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Remembering Greg Pruitt and the tearaway jersey

Cleveland running back shone in the 1970s and along the way made the unique jersey a weapon against opposing defenses.

Chiefs vs. Browns Photo by George Gojkovich/Getty Images

The Cleveland Browns hit a dark period in the 1970s as the dynasty years slowly faded away and were replaced by a stretch of failed draft picks, fired coaches and losing records.

One bright spot during those bleak times came from running back Greg Pruitt, who the Browns selected in the second round of the 1973 NFL Draft after a stellar career at Oklahoma. (Pruitt made up for Cleveland missing on both of their first-round selections that year in wide receiver Steve Holden and guard Pete Adams.)

In a nine-year career with the Browns, Pruitt would earn four Pro Bowl selections, rush for more than 1,000 yards three times, and establish himself as a pass-catching threat out of the backfield - his 323 career receptions are fifth on the franchise’s all-time list - and an electric returner who averaged 26.3 yards on kickoffs returns and 11.8 yards on punt returns.

One of the lasting images of Pruitt’s time with the Browns is of him breaking away from a would-be tackler thanks, in part, to the cotton tearaway jerseys that were popular at the time in the NFL and college football.

In this clip from NFL Film, Pruitt shares the good (breaking away from a tackler) and the bad (having to hit the sidelines for a new jersey throughout the game) of the tearaway jersey era (his part starts at the 1:30 mark):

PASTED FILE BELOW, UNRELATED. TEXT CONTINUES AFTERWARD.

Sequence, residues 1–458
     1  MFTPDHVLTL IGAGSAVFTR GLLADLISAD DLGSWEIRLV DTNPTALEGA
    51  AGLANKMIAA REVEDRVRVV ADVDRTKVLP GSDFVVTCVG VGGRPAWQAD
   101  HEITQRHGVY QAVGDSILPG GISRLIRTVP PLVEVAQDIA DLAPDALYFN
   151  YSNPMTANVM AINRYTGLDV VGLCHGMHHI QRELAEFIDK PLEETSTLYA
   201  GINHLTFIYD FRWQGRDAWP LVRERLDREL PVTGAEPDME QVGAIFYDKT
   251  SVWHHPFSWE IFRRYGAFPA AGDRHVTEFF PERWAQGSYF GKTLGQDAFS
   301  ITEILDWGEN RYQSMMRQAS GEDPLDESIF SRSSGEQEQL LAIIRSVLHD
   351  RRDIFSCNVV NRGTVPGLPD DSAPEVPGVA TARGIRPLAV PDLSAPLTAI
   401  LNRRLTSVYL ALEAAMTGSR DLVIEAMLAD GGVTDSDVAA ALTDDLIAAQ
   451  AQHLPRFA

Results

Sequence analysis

The NFL eventually outlawed players wearing tearaway jerseys in 1979, which Pruitt talked about in a 2021 interview with our own Barry Shuck:

That actually started in college. When I got to the Browns, I wasn’t the only one wearing a tearaway jersey but most people don’t know that. Cleo Miller wore one in the same backfield. I am sure that in some owner’s meeting, they came up with that jersey rule to justify the trip. I was happy they made that rule to be honest. The only way they were effective is you couldn’t wear anything under them. When it got cold here it was colder in that jersey with nothing underneath.

The other thing was it was a distraction depending on down and distance, defenders would walk up to me and tear my jersey with me not even being in the play. And that should have been an unsportsmanlike conduct penalty and it wasn’t. Now I have to leave the field and put another jersey on. I have about four of them at my house. One of them I played in and it is ripped and in a case on my wall.

Pruitt was one of the lone bright spots on some bad Cleveland teams in the mid-1970s and he will be remembered by Browns fans not only for his on-field play but also for the sight of him running through opposing defenses in his tearaway jersey.